The National Institute of Standards and Technology (NIST) announced an award to CMU earlier this month supporting a Center of Excellence Initiative to promote neutron scattering in the life sciences through the NIST Center for Neutron Research (NCNR) Comprehensive Grant Program. The $2.5M award recognizes the long-standing activities of the Lösche group in the CMU Physics Department in the development and application of neutron scattering techniques in membrane biophysics and makes CMU a key partner of the NCNR in biological and biomedical research.
Thursday, September 28, 2017
CMU Physics Team Measures Gravitational Redshift of Galaxies
Einstein's theory of gravity, General Relativity works spectacularly well at the level of planets, stars and the solar system. But how can we test how well it works for larger objects like galaxies and even superclusters of galaxies? Astrophysicists at Carnegie Mellon found a way, measuring the frequency shift of light from massive galaxies due to gravity ("gravitational redshift"). Their results are consistent with Einstein's Theory and appear as a series of four papers in the journal Monthly Notices of the Royal Astronomical Society.
Wednesday, September 27, 2017
Ben Hunt Wins DoE Early Career Award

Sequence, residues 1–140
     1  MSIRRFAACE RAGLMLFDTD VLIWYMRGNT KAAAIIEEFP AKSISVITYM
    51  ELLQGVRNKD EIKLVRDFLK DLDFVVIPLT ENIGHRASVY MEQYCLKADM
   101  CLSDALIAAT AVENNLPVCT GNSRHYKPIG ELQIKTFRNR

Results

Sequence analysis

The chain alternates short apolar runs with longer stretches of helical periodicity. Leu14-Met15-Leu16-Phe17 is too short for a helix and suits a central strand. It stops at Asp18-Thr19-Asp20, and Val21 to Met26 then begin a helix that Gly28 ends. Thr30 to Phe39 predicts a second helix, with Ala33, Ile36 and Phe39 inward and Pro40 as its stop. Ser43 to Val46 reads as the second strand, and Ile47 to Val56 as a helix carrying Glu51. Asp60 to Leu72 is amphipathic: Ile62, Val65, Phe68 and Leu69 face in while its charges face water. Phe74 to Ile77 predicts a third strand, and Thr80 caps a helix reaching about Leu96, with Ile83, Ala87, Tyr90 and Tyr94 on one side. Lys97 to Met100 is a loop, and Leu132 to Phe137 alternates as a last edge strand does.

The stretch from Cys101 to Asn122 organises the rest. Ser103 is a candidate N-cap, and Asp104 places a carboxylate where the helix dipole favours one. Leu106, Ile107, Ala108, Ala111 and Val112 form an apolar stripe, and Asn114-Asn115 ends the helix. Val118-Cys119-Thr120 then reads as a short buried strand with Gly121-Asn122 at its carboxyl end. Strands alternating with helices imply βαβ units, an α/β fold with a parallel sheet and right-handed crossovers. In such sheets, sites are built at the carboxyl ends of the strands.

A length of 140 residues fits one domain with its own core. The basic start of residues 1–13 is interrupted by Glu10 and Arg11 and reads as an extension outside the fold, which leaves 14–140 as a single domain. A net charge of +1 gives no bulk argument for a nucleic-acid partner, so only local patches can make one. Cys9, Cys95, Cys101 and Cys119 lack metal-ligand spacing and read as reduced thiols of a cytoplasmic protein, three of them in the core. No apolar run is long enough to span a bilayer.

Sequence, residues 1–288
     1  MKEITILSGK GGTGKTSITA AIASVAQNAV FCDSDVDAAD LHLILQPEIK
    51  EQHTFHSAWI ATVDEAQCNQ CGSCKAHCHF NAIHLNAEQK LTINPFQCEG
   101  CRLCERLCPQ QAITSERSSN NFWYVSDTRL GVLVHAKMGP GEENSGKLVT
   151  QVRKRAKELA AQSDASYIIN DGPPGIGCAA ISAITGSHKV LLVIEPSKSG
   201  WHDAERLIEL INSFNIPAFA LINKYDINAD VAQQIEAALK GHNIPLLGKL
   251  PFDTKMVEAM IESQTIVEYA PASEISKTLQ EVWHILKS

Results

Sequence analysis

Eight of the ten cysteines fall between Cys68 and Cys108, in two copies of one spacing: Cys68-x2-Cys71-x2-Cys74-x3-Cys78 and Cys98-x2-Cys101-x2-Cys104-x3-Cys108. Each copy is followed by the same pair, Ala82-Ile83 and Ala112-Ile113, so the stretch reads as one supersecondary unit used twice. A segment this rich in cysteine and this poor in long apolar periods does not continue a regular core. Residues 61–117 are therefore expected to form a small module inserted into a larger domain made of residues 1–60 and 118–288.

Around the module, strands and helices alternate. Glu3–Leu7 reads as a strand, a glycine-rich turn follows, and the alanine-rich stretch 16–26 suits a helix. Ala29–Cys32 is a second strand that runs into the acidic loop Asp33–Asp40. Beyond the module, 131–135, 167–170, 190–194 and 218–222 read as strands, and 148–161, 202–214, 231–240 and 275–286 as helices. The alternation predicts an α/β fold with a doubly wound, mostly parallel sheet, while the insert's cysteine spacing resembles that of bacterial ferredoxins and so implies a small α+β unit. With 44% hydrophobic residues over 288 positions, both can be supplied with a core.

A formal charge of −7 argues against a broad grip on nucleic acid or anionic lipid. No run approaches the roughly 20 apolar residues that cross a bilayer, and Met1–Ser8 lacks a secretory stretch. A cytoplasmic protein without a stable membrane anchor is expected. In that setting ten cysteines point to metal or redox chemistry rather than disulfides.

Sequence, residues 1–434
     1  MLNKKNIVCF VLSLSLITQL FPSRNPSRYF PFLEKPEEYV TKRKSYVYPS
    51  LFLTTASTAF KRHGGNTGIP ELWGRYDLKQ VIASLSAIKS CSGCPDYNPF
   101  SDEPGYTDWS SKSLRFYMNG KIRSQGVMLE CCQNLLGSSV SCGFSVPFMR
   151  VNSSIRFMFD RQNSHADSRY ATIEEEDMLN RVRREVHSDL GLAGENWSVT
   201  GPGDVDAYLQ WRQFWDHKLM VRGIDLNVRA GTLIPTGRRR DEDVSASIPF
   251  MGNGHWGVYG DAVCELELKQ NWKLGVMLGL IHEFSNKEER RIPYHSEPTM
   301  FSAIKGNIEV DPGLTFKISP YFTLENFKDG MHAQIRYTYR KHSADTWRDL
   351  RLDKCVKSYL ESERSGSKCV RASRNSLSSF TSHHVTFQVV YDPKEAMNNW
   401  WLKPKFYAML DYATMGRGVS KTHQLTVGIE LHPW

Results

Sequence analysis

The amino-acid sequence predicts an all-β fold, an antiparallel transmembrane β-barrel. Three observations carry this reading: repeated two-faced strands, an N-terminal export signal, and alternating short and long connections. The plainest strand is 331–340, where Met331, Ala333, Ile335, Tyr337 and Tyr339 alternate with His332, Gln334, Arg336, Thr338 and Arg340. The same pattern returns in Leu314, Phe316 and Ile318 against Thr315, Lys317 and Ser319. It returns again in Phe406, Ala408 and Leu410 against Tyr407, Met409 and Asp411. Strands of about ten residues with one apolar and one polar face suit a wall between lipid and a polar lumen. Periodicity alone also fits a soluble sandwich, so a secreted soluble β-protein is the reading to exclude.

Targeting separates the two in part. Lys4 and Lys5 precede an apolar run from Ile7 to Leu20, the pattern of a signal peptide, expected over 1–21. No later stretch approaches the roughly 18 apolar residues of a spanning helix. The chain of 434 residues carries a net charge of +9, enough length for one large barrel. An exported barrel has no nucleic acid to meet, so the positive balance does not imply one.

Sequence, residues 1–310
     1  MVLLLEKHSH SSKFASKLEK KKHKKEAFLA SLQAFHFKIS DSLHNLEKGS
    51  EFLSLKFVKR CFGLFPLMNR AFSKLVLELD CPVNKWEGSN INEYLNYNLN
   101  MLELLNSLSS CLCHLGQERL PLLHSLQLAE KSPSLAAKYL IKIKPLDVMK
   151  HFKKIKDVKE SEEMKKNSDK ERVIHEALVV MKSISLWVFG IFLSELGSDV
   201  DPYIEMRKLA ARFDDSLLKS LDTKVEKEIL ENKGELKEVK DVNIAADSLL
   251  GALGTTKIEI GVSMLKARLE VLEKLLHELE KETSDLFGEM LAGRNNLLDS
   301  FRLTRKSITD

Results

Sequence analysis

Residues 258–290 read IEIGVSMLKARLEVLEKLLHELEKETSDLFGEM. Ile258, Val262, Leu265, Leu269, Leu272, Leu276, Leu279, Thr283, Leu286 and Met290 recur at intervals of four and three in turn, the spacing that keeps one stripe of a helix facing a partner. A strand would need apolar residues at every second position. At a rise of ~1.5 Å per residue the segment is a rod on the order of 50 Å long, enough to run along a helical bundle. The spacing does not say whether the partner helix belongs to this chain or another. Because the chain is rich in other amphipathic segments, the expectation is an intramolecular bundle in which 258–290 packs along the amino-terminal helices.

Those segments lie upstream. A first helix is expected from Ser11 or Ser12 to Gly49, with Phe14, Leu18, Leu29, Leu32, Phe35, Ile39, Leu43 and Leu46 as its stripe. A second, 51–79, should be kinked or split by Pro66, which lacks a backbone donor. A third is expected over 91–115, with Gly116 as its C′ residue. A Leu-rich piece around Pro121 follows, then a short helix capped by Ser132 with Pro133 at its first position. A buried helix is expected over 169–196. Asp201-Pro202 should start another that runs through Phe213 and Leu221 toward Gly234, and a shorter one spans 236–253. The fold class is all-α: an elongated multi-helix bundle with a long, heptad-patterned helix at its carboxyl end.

The U.S. Department of Energy awarded Physics professor Benjamin Hunt a prestigious Early Career grant. The award will provide $750,000 over the next five years to study how layering different two-dimensional crystals (such as graphene and the magnetic insulator CrSiTe3) can lead to new, emergent properties in the composite layered structure. Hunt is an experimental condensed matter physicist and a member of the Quantum Electronics Group at Carnegie Mellon. He is generally interested in in the complex behavior that matter exhibits in the quantum limit: at low temperatures, in reduced dimensions (particularly, the properties of 2D electrons), and under large electric and magnetic fields.
Wednesday, September 20, 2017
Chasing the Secrets of Internal Cell Organization
The elasticity of lipid membranes principally rests on two physical degrees of freedom: membrane curvature and lipid tilt. Nearly twenty years ago, Hamm and Kozlov introduced a two-dimensional membrane model that extended Helfrich’s seminal curvature-elastic Hamiltonian to account for both membrane curvature and lipid tilt within a unified elastic framework. Researchers at Carnegie Mellon University led by Physics Professor Markus Deserno have recognized a fundamental inconsistency in this widely accepted model and proposed a novel and more accurate theory in The Journal of Chemical Physics.
Friday, September 01, 2017
New HEDM Project at ANL
The National Science Foundation announced funding of a $1.5M new High Energy Diffraction Microscope (HEDM) at the Advanced Photon Source synchrotron. The project is led by Robert M. Suter of the CMU Physics Department and involves faculty at Purdue University, Colorado School of Mines and the University of Utah. The new instrument will take advantage of new detector and positioning technologies and will use modern software designs that allow enhanced experimental control and feedback as well as accelerated data reduction to produce microscope output on the time scale of the data collection. The instrument will relieve the high demand on the current facility where the measurement technique was developed under Suter's leadership.